I remeber some years back during the Tsunami, the news channels had turned into a counter of sorts with hourly reports updating the number of the dead and after 2-3 weeks coverage was brought down to zero. Even at that time, more importance was given to Chennai and Aceh than the Andaman and Nicobar islands which suffered losses 10 times more. The problem was compounded more by their inaccessebility and geological changes that occured overnight. At bearucratic levels, things were in chaos as several records had been lost in local government offices. Many livelihoods were destroyed and people had to be moved to temporary camps. These poeple are still there. The tsunami’s aftermath left a mammoth challenge which the central machinery has not tackled completely. Yet no media outlet seems keen to report on these issues.

    If we look at the most important issues today; the US-India nuclear deal, Iran, Agro crisis, the North East, the quality of coverage leaves one wanting. Yet these are the very issues that are going to matter most in the years to come.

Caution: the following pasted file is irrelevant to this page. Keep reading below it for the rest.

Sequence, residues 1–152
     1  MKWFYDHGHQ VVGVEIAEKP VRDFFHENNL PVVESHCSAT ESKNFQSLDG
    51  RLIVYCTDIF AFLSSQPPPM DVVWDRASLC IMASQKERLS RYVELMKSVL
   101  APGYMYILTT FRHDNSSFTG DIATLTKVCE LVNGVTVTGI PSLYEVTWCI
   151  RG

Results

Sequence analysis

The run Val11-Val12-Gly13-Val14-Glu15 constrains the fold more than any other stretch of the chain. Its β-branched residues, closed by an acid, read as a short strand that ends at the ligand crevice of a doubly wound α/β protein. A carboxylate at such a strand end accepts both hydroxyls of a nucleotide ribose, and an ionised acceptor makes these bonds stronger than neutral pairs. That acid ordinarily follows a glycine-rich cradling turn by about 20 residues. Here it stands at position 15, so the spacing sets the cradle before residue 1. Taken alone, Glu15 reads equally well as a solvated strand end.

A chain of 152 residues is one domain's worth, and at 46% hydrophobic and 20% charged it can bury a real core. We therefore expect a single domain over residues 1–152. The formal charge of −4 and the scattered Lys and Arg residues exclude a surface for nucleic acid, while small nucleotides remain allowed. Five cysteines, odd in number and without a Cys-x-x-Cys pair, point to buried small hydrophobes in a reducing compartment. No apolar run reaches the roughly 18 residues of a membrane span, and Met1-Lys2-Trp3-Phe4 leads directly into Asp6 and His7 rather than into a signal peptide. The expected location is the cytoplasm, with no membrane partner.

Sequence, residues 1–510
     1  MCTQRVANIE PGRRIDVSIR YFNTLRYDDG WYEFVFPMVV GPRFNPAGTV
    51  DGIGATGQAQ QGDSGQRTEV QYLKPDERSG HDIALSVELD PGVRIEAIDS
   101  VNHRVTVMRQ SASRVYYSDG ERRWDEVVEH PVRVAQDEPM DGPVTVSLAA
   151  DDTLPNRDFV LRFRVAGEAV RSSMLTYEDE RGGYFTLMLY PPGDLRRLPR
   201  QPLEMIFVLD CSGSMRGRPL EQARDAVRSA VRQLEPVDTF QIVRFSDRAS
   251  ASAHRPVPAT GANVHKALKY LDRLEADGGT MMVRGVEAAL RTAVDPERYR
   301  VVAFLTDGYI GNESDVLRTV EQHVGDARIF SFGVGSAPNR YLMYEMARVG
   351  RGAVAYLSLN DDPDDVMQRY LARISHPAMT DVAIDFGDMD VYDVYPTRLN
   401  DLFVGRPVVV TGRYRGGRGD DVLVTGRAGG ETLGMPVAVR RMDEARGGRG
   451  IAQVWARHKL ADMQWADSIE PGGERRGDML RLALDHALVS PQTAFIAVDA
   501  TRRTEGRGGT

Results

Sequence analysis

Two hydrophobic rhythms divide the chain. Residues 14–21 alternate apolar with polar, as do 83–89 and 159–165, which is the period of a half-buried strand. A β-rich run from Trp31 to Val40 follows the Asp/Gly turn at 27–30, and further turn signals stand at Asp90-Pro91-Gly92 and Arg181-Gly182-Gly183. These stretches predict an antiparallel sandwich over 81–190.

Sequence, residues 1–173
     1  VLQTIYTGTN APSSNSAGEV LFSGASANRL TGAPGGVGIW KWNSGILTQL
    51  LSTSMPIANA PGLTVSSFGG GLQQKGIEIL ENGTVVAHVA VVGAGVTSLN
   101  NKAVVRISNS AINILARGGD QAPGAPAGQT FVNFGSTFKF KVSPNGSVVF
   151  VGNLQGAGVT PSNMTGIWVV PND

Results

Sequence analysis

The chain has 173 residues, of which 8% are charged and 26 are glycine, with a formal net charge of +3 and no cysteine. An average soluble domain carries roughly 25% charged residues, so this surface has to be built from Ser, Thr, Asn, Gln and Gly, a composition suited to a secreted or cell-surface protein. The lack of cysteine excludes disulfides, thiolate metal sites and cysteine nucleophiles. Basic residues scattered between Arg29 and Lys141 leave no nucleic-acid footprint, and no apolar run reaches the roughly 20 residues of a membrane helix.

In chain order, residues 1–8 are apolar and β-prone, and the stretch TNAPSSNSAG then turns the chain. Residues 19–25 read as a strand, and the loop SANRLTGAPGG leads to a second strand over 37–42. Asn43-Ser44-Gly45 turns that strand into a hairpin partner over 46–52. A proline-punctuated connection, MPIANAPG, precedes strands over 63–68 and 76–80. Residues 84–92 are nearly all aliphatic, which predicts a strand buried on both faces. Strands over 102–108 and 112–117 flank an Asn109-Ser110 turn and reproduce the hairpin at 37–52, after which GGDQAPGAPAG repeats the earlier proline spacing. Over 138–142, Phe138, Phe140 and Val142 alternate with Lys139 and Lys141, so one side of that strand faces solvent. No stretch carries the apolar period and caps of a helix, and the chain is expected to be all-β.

Will any kind of regulation improve the situation? I think not. Neither do I believe that change will come from within, or atleast it wont come easily. This may be a good time to turn towards alternate media. Blogs like this one and others are already enriching the public discourse and moving informed discussions outside the academic realm. Alas, their reach is still not wide as NDTV or Aaj Tak. Hopefully that will change.

  • If blogs like this really have a role to play in times like this flood disaster, should we not sponsor (financially) any one to report voluntarily (even if the effort is voluntary, we may need to finance other aspects like travel etc.) and fill the void left by the big media groups just to teach them a lesson? I entirely agree with the author that there are several questions about the disaster, which have gone unaddressed either in the print or electronic media, and which ought to have got the news and views space proportionately, considering the magnitude and devastation. But that was not to be because of the media’s skewed priorities.

  • Its a pity:

    ONE ‘Prince’ falls in deep pit and 100s of channels show it for FOUR full days.
    However, 1000s DIE and MILIONS get EFFECTED from the floods in India, and NO-ONE shows it to that extent !!